Having slanderous accusations or lies towards our fellow man are also prohibited in Titus 3:1-2; James 4:11; 1 Peter 2:1, cf. Ex 23:1; Prov 10:18; 12:17; 19:9; 24:28.
Titus 3:1-2, “Remind them to be subject to rulers, to authorities, to be obedient, to be ready for every good deed, 2to malign no one, to be peaceable, gentle, showing every consideration for all men.”
James 4:11, “Do not speak against one another, brethren. He who speaks against a brother or judges his brother, speaks against the law and judges the law; but if you judge the law, you are not a doer of the law but a judge of it.“
1 Peter 2:1, “Therefore, putting aside all malice and all deceit and hypocrisy and envy and all slander.”
Lying is not just in our words, but can also be in our actions.
Acts 5:3-4, “But Peter said, ‘Ananias, why has Satan filled your heart to lie to the Holy Spirit, and to keep back some of the price of the land’.”
Paul used PSEUDOMAI to prove he was telling the truth in his witness and letters, and not lying, 2 Cor 11:31; Gal 1:20; 1 Tim 2:7.
Telling the truth demonstrates the God-like or Christ-like nature we are to adorn here on earth.
Heb 6:18, “In order that by two unchangeable things, in which it is impossible for God to lie, we may have strong encouragement, we who have fled for refuge in laying hold of the hope set before us.”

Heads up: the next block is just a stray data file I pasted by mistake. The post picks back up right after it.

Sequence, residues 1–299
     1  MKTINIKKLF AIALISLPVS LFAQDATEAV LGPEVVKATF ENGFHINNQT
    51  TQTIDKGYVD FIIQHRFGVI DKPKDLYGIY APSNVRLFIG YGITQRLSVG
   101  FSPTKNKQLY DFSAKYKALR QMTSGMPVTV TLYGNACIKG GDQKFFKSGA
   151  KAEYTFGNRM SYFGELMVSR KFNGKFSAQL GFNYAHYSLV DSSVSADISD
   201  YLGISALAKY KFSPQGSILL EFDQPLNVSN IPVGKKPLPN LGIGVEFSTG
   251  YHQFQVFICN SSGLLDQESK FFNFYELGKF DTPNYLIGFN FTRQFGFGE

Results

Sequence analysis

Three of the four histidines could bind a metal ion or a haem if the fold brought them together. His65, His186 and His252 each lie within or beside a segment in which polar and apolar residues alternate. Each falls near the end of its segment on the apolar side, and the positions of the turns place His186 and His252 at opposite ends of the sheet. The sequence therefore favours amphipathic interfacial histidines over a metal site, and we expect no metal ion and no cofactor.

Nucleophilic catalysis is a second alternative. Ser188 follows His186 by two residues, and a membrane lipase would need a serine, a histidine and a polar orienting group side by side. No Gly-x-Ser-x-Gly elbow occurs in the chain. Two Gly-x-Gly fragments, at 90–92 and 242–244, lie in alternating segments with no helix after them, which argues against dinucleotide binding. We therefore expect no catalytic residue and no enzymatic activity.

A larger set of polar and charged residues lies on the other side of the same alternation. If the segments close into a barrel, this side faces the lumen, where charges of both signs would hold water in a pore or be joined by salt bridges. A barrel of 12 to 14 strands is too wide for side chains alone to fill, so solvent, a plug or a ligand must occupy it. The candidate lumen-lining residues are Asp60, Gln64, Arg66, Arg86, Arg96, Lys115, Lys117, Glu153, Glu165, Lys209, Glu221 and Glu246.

Titus 1:1-2, “Paul, a bond-servant of God and an apostle of Jesus Christ, for the faith of those chosen of God and the knowledge of the truth which is according to godliness, 2in the hope of eternal life, which God, who cannot lie, promised long ages ago.”
Yet, the one who lies is of his father the devil and practices lying, PSEUDOS, “lie, lies, falsehood, or lying,” John 8:44; Rom 1:25; Eph 4:25; 2 Thes 2:9, 11; 1 John 2:27; Rev 14:5; 21:27; 22:15.
John 8:44, “You are of your father the devil, and you want to do the desires of your father. He was a murderer from the beginning, and does not stand in the truth, because there is no truth in him. Whenever he speaks a lie, he speaks from his own nature; for he is a liar (PSEUSTES), and the father of it, (lies).”
The Antichrist to come follows in Satan’s footsteps.
2 Thes 2:9-12, “That is, the one whose coming is in accord with the activity of Satan, with all power and signs and false wonders, 10and with all the deception of wickedness for those who perish, because they did not receive the love of the truth so as to be saved. 11And for this reason God will send upon them a deluding influence so that they might believe what is false, 12in order that they all may be judged who did not believe the truth, but took pleasure in wickedness.”
For those who follow the lies of Satan and His cosmic system, and reject salvation in Jesus Christ, they will remain in their lies and deceptions, and not be given entrance to the eternal kingdom of God.
Rom 1:25, “For they exchanged the truth of God for a lie, and worshiped and served the creature rather than the Creator, who is blessed forever. Amen.”
Rev 21:27, “And nothing unclean and no one who practices abomination and lying, shall ever come into it, but only those whose names are written in the Lamb’s book of life.”
Rev 22:15, “Outside are the dogs and the sorcerers and the immoral persons and the murderers and the idolaters, and everyone who loves and practices lying.”